What’s a Deacon?

If you’ve been a follower of Christ for any length of time perhaps you’ve noticed that in Christian circles there are a whole bunch of words and phrases that are only used in church. These sayings often make very little sense to the population of people who don’t participate in church. Sometimes these phrases are meaningful and at other times they are just flat out weird. We say things like, “hedge of protection” and “God laid it on my heart” and “we’re just going to love on people” (kinda creepy?) or “it just feels like a God-thing” so maybe we can “bathe this in prayer.” Most of the time I am eager to shed “churchy” language from my vocabulary when it pops up. I want to be simple and honest and clear. But at other times a “churchy” word or phrase resonates for our community and when that is true, I don’t want to shy away from it even if it is churchy. After all, we are a church! So, we recently formed a “deacon” team and I am very aware that many people have never heard that word or just have no idea what it means. So, I asked Vaun if she would write up a little description for us and here is what she said:

“I am delighted that Platt Park Church has continued the church tradition of appointing deacons to help care for those in need. The first time we see this occurring in scripture is in Acts 6 when Stephen and six other men were selected by the apostles to help feed the poor and care for the widows. The criteria by which they were chosen was that they be well respected and full of the Spirit and wisdom. Phoebe was the only person actually called a deacon (Romans 16) and presumably the same criteria was used for her selection. A deacon is a servant or minister and the origin of the word means quite literally “through the dust.” These are people willing to get involved in the messiness of life. Platt Park could not have chosen a better founding group of deacons than Bill, Connie, Jan and Carol.”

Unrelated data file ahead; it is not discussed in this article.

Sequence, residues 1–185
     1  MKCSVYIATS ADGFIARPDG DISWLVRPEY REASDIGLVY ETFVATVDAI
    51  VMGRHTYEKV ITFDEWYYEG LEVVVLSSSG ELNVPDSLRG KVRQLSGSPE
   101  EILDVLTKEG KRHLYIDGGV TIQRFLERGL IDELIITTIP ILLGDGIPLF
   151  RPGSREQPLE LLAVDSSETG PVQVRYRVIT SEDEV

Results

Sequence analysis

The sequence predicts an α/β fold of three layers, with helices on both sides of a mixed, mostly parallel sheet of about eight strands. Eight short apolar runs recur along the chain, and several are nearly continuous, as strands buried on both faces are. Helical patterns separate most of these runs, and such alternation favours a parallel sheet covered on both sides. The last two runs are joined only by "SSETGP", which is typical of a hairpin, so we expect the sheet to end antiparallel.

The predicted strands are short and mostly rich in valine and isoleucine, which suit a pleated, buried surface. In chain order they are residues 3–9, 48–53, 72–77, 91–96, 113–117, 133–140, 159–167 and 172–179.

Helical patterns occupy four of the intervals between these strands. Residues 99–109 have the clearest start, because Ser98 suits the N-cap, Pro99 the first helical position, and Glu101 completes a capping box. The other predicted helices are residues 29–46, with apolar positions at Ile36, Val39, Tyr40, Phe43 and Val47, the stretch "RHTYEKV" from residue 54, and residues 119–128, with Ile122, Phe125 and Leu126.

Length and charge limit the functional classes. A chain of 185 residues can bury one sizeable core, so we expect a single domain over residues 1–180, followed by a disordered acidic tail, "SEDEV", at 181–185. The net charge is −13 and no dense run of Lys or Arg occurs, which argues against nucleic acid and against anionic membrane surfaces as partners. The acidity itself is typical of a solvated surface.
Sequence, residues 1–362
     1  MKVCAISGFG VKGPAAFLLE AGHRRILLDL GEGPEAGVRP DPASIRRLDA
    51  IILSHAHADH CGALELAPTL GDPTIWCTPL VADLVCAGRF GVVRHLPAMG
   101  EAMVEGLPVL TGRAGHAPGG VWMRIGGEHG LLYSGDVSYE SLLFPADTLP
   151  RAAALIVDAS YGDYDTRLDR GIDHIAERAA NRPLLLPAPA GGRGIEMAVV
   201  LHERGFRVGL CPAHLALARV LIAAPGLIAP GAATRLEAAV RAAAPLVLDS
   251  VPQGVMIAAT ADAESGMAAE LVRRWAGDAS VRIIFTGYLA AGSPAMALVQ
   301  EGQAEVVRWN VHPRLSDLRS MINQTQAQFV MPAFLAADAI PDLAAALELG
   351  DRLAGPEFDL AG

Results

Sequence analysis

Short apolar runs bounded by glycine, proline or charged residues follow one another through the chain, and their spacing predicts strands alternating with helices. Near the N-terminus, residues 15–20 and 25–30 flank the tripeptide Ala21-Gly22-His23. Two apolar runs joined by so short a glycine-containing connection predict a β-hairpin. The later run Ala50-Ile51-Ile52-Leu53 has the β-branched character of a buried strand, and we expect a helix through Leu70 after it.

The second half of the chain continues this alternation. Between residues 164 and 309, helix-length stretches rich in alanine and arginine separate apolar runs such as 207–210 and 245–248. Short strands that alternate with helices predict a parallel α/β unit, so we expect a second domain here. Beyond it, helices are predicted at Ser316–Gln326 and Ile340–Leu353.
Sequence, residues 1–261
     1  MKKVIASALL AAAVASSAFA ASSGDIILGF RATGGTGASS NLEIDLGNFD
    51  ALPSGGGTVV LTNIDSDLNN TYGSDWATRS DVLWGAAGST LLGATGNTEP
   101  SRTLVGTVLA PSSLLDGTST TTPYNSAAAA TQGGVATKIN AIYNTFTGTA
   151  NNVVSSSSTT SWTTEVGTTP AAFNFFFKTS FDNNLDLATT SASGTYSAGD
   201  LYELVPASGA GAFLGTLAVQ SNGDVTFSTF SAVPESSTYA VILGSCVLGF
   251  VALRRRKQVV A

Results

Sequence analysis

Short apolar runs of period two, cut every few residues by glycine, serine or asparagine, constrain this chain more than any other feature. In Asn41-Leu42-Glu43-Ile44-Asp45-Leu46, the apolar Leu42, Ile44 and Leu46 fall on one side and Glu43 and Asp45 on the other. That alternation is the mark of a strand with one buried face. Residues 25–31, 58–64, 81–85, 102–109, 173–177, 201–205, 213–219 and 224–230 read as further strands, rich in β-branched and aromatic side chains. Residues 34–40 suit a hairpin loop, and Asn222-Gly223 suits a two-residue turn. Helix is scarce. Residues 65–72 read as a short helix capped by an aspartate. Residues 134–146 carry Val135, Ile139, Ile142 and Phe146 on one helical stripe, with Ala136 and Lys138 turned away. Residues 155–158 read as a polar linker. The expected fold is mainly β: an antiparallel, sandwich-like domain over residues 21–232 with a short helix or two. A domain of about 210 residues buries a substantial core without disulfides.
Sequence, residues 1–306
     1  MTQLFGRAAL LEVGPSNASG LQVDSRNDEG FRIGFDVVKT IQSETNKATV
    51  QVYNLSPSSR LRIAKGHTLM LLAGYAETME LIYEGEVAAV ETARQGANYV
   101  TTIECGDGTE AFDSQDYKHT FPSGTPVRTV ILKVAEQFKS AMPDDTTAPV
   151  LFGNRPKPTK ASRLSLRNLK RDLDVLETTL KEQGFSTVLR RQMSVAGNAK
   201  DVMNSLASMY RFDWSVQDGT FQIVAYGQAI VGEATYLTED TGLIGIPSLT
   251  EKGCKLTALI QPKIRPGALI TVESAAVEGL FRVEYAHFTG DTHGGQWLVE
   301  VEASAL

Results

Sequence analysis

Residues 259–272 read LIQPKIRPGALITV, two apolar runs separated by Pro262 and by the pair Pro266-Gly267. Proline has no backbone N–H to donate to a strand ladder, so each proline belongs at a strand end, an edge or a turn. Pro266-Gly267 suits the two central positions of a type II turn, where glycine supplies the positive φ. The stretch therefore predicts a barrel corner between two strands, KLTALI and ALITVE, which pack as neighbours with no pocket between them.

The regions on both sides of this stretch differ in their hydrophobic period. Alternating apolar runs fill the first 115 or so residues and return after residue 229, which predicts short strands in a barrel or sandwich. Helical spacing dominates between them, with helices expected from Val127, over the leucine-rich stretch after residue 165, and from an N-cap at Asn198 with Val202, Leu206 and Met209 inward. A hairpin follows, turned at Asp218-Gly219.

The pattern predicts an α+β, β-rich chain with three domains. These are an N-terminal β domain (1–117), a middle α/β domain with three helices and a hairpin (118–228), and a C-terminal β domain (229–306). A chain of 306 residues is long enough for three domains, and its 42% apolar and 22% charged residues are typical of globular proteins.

I too am grateful for this new team!

Leave a Reply

Fill in your details below or click an icon to log in:

WordPress.com Logo

You are commenting using your WordPress.com account. Log Out /  Change )

Facebook photo

You are commenting using your Facebook account. Log Out /  Change )

Connecting to %s